A faster way to calibrate piston gauges
For industry and government labs to ensure their pressure-measurement machines are working correctly, they need a reliable source of pressure. Often, that source is a piston gauge – a cylinder of metal that falls through a hollow cylinder or "sleeve" at a predictable rate. Staff at NIST's Physical Measurement Laboratory (PML) perform precise calibrations of piston gauges for customers including the Navy, the Army, airlines, and power utility companies.
For decades, those calibrations were done painstakingly by hand. But staff have recently developed and launched a new, automated system that dramatically reduces the time required for each test.
Pressure is a measurement of the amount of force applied to a unit area. For a piston gauge, that force comes from a mass that is placed on top of the piston, pushing it down. The area in this case is the cross-sectional area of the piston, corrected for distortion and defects and referred to as the "effective area." So for piston gauges, pressure is dependent on the effective area of the piston and how much mass is placed on it.
Customers for NIST's piston gauge calibration service include airlines, power utility companies, and the military.
To calibrate a customer's gauge, researchers need to balance the pressures generated by two different gauges. On one side of this balance is the customer's piston gauge. On the other side is one of NIST's standard piston gauges, whose dimensions have been measured precisely so that its effective area is known extremely well. The same nominal mass – also measured at NIST with high precision – is placed on each gauge.
Researchers know the effective area of the standard piston gauge, and they know the value of the masses being placed on the gauges. What they don't know, but need to find out to complete the calibration, is the effective area of the customer's gauge.
In the old, manual method, the gauges were connected with a differential pressure cell, which has a dial that indicates how different one pressure is from another. To achieve balance, a researcher would add or remove masses of all different sizes, some as tiny as 5 milligrams (mg), to and from the tops of the piston gauges. Once the pressures were balanced, researchers would note how much mass had been used for the customer's gauge and use that to calculate the effective area. This would then be repeated several times – usually a total of 10 – at different pressures within the piston gauge's range. In the end, NIST researchers would be able to furnish the customer with a report that gave corrections that they could apply to any measurements they made with their piston gauge.
This might sound straightforward. But in practice, it was extremely time-consuming, because researchers had to essentially make a near-perfect balance condition between the two gauges. "It was very tedious," says Greg Driver, the NIST PML staff member who performed these calibrations for more than forty years until his retirement early this year.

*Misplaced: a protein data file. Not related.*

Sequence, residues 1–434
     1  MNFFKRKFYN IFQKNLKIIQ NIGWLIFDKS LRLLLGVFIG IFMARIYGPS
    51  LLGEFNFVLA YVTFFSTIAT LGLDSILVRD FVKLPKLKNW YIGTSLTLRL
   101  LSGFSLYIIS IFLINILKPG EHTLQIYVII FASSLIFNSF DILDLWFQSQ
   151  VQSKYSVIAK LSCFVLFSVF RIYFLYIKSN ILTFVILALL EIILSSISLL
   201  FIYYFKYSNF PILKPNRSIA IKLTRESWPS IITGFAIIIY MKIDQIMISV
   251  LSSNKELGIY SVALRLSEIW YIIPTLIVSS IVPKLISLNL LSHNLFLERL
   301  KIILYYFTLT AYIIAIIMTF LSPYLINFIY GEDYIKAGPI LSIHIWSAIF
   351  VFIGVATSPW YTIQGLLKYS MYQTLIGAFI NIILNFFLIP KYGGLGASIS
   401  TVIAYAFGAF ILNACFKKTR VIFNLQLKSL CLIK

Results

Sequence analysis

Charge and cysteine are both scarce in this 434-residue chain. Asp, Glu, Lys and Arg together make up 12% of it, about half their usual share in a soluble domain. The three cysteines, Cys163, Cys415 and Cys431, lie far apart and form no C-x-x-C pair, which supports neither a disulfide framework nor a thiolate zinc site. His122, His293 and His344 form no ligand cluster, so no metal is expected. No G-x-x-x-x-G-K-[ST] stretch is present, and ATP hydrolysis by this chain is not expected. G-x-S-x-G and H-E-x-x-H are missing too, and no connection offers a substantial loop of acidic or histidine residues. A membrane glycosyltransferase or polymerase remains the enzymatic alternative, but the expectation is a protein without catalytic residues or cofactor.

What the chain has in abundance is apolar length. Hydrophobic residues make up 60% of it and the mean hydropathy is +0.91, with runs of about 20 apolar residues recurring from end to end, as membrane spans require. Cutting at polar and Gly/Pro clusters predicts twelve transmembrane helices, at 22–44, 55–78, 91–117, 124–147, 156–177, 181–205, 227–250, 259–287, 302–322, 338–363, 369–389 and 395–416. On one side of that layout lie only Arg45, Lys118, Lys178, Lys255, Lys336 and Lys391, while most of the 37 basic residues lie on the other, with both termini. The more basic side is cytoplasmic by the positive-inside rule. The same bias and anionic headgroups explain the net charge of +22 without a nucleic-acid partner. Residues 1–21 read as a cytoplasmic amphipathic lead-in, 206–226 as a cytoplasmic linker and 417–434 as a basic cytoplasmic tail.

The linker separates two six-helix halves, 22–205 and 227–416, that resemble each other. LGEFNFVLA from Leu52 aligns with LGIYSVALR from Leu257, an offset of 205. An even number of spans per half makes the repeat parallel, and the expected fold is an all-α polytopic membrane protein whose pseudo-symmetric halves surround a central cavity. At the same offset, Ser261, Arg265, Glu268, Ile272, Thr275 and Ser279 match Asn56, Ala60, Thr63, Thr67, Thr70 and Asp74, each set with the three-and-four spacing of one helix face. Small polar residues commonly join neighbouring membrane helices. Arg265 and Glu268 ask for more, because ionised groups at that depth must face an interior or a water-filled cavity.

"In the old way, you would see the researcher with a pair of tweezers, grabbing these tiny little masses out of the box and popping them on this thing over and over and over again," says NIST PML's Julia Scherschligt. On top of that, she continues, the technician would have to properly set up for a balance each time the masses were changed, covering and uncovering the piston gauges to keep air currents from affecting their performance, adding puffs of nitrogen gas to the gauges to keep them from falling to the bottom of their sleeves, and hand-spinning the gauges to prevent any slight imperfections in their construction from skewing the results. (See video for a demonstration of the old manual method.)
About a year ago, the team began investigating a way to automate this comparison to avoid having to create a perfect balance. In the new method, the pressures are compared using a transducer, which first samples the pressure created by one and then, within a few seconds, samples the pressure created by the other. No more adding and removing small masses: the researchers simply place the same nominal mass on top of each gauge and then add a little bit of nitrogen gas to each side when needed. Soon, they hope, they won't even have to manually switch the nitrogen on – the computer will take care of the entire calibration automatically.
The beauty of the new system, Scherschligt says, is that the transducer itself does not need to be calibrated. "It can be thought of as a device that near-instantaneously transfers the calibration of the NIST piston gauge to the customer gauge," she says. "The accuracy of the transducer doesn't matter – it could be off by orders of magnitude – so long as it responds linearly to changes in pressure."
They estimate they're saving significant time this way. "We can do a ten-point calibration in about an hour," Driver says. "Before, it would take me almost a whole day." Furthermore, they have achieved precision on the order of a few parts per million, comparable to the manual method.
Creating the automated system was a team effort. Yuanchao Yang, who was a NIST associate at the time, designed and built the system with input from Driver and Scherschligt as well as NIST PML's Dawn Cross, who has been performing the piston gauge calibrations since Driver's retirement. From the NIST Office of Information Systems Management, Katie Schlatter was the process engineer and John Quintavalle designed and wrote the software.
Right now, the pressure ranges covered by the automated system only go up to 7 MPa (megapascals, about 1000 psi), meaning that any piston gauge with a pressure range higher than 7 MPa must still be calibrated by hand. The NIST team plans to upgrade this partially automated system to 14 MPa (about 2000 psi), and would ultimately like to make another system with full automation.